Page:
Can the Zynga Ship Be Sinking Already?
That didn't take long.
Only a week after Zynga (NAS: ZNGA) filed for a secondary offering to enrich its early shareholders, the company filed an amendment that adds one very high-profile shareholder to the sell side. CEO Mark Pincus will be selling the single-largest amount of shares in the secondary offering, far more than any other named shareholder and approximately 15% of his total stake in the company. Because Pincus is selling only Class B shares and retains hold of his exclusive 70-vote Class C shares, the sale barely dents his voting power. But such a large divestiture at so early a stage in the company's life sends a terrible message to those who might want to pick up his scraps.
Watch your back
Zynga's been a public company for all of three months and has been a company for just under five years. Its available information shows a company growing rapidly, but also one whose growth is now slowing rapidly. Zynga's business model offers relatively minimal moats, a quality driven home by its recent buyout of out-of-nowhere competitor OMGPOP. To drive home just how fast a hot property can be surpassed, the latest Angry Birds iteration flew (angrily, of course) over OMGPOP's top-selling game the day after the acquisition.
So what kind of message is Pincus sending? Steve Jobs sold his early shares when ousted from Apple (NAS: AAPL) in the '80s, but he held every share the company granted him after returning until the day he died. Google's (NAS: GOOG) founders filed to sell about 17% of their holdings by 2014, but that filing came more than a decade after the company's Stanford genesis. Executives have every right to sell their shares, but a large sale so soon is not a vote of confidence in a company that has no secure path to long-term success in a cutthroat industry with little barrier to entry.
Zynga can't buy out every competitor that crops up. Its business model has been allegedly codified as "copy what [our competitors] do ... until you get their numbers." There's nothing necessarily wrong with lifting the best elements off other games. Activision Blizzard (NAS: ATVI) , for all its success, still relies largely on formulas set down by earlier games -- World of Warcraft lifted liberally from Everquest and other first-generation MMOs, and Call of Duty is, well, a shoot-'em-up game, a format relatively stable since Doom. But there's a difference between improving on standards and simply replicating things as closely as possible.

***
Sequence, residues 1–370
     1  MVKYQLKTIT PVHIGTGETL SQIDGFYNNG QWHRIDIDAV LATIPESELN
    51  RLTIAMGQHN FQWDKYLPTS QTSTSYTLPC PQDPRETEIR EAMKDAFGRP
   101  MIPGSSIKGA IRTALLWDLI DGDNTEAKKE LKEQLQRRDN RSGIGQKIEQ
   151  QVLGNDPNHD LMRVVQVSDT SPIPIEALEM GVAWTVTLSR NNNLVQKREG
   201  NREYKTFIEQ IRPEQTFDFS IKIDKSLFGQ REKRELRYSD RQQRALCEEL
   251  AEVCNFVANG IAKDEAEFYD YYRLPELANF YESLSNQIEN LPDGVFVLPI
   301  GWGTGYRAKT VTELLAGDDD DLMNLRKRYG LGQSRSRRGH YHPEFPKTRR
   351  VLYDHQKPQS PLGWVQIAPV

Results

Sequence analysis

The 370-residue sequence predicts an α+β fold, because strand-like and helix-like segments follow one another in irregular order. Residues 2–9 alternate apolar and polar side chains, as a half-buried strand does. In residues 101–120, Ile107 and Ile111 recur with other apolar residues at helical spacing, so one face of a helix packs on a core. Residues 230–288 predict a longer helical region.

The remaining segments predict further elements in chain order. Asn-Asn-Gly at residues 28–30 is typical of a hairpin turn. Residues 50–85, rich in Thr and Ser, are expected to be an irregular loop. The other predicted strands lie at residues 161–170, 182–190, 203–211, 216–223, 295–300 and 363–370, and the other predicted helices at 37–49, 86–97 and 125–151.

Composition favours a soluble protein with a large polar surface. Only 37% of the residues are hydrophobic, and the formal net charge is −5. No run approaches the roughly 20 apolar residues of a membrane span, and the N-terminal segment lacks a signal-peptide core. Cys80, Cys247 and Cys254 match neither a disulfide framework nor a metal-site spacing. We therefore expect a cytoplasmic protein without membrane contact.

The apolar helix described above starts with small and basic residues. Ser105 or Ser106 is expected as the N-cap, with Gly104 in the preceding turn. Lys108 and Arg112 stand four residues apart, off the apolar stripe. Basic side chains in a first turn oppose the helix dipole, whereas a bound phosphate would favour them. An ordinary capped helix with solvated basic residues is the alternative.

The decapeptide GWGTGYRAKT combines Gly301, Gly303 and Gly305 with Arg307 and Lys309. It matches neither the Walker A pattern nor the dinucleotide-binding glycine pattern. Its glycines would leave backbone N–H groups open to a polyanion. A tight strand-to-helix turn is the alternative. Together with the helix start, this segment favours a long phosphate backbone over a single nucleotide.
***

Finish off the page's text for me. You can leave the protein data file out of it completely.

Pincus isn't a dumb guy. He's built a billion-dollar business in half a decade. But that doesn't mean he sees his company staying dominant, and a big sale so soon after the company's post-IPO run-up sends me the wrong signal. If you're looking for long-term growth, there are better companies -- and better industries -- to invest in.
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At the time this article was published Fool contributor Alex Planesholds no financial position in any company mentioned here. Add him on Google+or follow him on Twitter, @TMFBiggles, for more news and insights. The Motley Fool owns shares of Activision Blizzard, Google, and Apple and has written calls on Activision Blizzard. Motley Fool newsletter serviceshave recommended buying shares of Google, Apple, and Activision Blizzard, creating a bull call spread position in Apple, and creating a synthetic long position in Activision Blizzard. The Motley Fool has a disclosure policy. We Fools don't all hold the same opinions, but we all believe that considering a diverse range of insightsmakes us better investors. Try any of our Foolish newsletter services free for 30 days.
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